Creativity and imagination were put to paper, and University View Academy can boast of three newly published authors. The works are rich in variety and showcase the limitless talent students can possess. One book uses the upheaval of Nazi-Occupied France as a backdrop. There is also poetry and even a fantasy children’s book about battling evil mice.
Alanna Piper is a 7th grader from Baton Rouge who dove deep into her imagination. She wrote a book where the main character, Maddie, is half-cat and half-human who keeps her tail tucked in her clothes but has trouble hiding her cat-like ears under her long, curly hair. She and her cat partners, Felicia and Vince, are on a mission to save the earth from the next mice attack.
She says she got her inspiration after surfing the internet and a cat popped up. She says she wondered how she could make the image unique and posed the question “What about half-cat and half-human?” “I’m very excited,” she says, “I’m going to be a published author at age 11”. Her book, “Maddie The Half Cat Girl” is available on Amazon, Barnes and Noble and other online retailers August 10 through Kindle Direct Publishing. Alanna wants to continue writing about Maddie as a book series.
Senior Amari Hurst from Kenner collaborated with students from other schools as she contributed a poem to a book called “I Said What I Said.” It’s a collection of student works, and the poem is entitled “Unspoken.” Amari says, “It’s a very raw poem” as a lesson to show students that they have more control over what they say and do. “A lot of times they get talked over, and it shows kids have a lot of power and words have meaning,” she says. As far as becoming a published author, Amari says, “I write for my enjoyment a lot. It’s very outside the box for me.” The book was published through 826 New Orleans Young Writers Council where students can express feelings under the supervision of mentors.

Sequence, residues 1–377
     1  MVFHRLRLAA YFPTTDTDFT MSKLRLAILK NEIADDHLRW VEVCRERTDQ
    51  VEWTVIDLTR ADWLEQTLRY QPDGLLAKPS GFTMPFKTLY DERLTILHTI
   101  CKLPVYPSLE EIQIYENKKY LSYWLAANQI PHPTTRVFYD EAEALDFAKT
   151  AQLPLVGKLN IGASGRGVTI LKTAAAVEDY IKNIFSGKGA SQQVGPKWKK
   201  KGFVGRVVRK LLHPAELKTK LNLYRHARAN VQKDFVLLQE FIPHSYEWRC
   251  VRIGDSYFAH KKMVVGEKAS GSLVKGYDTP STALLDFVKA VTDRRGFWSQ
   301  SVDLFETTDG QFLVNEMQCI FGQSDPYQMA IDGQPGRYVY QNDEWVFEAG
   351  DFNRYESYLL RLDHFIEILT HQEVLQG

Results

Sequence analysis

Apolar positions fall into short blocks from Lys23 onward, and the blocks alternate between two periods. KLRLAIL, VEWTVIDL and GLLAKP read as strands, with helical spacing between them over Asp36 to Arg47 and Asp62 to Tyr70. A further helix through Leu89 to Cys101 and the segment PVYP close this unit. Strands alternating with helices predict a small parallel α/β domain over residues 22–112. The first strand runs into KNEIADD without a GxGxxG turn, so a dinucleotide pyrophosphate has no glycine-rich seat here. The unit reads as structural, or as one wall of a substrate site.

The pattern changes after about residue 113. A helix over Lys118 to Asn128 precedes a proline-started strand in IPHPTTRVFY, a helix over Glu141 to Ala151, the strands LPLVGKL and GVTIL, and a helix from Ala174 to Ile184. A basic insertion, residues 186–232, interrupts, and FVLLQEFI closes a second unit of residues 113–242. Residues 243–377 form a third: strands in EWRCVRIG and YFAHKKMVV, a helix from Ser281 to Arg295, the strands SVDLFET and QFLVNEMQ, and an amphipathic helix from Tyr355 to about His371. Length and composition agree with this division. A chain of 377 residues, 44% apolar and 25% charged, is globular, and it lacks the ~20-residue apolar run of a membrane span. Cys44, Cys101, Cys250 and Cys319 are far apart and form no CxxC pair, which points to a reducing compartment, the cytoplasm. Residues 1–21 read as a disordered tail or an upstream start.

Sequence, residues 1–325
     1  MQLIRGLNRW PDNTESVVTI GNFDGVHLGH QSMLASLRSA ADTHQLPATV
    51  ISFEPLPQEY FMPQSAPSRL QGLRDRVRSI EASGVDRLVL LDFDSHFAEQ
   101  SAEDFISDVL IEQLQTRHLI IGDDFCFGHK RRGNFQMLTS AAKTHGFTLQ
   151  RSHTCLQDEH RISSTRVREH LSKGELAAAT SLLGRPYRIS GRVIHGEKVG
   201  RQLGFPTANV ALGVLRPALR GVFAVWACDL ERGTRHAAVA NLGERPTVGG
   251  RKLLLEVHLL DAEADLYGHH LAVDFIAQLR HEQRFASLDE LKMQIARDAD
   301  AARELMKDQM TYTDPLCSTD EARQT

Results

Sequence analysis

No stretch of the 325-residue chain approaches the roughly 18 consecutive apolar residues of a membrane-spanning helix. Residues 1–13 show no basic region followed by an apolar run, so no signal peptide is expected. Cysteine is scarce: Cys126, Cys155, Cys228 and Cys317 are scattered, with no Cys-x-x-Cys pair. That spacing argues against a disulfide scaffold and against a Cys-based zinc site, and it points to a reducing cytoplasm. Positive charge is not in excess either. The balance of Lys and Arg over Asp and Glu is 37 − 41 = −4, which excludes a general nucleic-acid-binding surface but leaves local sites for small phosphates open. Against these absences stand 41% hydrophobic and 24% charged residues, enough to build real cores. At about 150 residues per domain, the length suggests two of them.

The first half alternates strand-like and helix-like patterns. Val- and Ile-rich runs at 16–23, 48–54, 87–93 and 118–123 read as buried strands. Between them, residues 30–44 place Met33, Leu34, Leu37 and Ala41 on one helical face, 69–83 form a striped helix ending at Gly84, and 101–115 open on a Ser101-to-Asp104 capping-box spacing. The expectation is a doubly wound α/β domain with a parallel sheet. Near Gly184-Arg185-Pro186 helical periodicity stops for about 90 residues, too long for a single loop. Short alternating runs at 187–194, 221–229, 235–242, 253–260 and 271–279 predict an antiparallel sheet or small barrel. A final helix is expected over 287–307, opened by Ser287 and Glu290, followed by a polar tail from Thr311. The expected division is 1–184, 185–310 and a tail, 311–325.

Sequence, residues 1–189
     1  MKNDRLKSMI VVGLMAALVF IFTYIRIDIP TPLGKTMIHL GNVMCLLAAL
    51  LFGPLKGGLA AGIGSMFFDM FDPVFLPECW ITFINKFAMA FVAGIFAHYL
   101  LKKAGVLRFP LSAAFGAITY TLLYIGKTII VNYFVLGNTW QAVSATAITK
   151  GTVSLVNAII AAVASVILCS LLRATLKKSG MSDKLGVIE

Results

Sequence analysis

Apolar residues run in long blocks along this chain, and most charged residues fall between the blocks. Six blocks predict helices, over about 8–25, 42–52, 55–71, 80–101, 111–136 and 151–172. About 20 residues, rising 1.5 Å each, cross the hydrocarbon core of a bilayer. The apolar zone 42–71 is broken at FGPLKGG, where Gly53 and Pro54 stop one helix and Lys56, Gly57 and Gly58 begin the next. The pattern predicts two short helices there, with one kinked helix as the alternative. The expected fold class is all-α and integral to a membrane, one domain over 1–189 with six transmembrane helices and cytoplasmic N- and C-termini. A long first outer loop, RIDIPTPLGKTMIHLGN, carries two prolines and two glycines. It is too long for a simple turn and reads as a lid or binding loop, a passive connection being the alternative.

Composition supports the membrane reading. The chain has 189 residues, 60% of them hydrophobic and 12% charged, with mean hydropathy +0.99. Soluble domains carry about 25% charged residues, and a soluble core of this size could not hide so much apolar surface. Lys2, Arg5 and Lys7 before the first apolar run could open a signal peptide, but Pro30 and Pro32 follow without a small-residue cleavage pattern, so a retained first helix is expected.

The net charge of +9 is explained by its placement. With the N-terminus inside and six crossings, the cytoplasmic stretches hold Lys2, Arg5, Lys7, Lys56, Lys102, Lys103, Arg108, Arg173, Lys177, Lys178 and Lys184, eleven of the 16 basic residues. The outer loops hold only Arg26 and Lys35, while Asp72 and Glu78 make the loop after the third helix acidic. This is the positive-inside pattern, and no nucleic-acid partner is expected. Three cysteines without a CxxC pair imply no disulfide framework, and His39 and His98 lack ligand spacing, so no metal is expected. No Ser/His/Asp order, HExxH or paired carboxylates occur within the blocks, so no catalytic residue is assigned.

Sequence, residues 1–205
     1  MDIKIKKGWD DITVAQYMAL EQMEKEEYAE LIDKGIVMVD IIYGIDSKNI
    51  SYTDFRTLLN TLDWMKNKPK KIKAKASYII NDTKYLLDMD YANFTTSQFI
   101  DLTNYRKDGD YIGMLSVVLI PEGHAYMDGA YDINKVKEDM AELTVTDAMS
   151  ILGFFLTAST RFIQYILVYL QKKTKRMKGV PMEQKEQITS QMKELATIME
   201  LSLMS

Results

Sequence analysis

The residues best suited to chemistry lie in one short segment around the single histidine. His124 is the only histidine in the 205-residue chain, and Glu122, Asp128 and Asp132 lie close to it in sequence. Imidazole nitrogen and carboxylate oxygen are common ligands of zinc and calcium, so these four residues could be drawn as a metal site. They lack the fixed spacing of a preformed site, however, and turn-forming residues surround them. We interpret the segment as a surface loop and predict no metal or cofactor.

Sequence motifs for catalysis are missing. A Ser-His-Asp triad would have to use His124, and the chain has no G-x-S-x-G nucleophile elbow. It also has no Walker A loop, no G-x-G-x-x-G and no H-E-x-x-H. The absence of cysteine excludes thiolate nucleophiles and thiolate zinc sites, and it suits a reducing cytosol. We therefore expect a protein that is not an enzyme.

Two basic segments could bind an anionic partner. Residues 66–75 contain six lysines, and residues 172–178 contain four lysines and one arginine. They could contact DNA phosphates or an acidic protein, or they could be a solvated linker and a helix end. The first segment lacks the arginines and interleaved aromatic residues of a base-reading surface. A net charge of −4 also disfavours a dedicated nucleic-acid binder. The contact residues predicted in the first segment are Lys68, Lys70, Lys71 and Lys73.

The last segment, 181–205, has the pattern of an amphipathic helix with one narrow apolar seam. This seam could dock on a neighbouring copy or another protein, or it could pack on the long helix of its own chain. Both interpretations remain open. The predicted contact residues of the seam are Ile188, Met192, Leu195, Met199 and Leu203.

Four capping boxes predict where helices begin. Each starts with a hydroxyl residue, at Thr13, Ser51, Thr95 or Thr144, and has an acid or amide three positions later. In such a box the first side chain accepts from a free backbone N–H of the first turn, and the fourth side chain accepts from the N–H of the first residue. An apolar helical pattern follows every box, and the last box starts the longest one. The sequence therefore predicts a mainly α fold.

Eleventh grader Elaina Stuntz of St. Amant used a visit to the National World War II Museum in New Orleans as inspiration for her book “Following the Stars.” “I liked the French Resistance part of the Museum,” she says and “I always loved history, and World War II is my favorite period.” Elaina takes readers through the harrowing exploits and life lessons of Josephine, a teenage sniper with the French Resistance.
It took her about a year to write the book containing 45,000 words after four drafts. “I thought it was a good book but didn’t realize people would want to read it,” she says, and it was a “big accomplishment” when she got a 5-star review. The book is self-published on Amazon, and she’s sold 13 so far. “It’s not that much, but I’m still excited,” she adds. Elaina says she wants to be a novelist, travel the world and write about history. “That would be fun,” she exclaimed.
Expect more big things from these already accomplished students.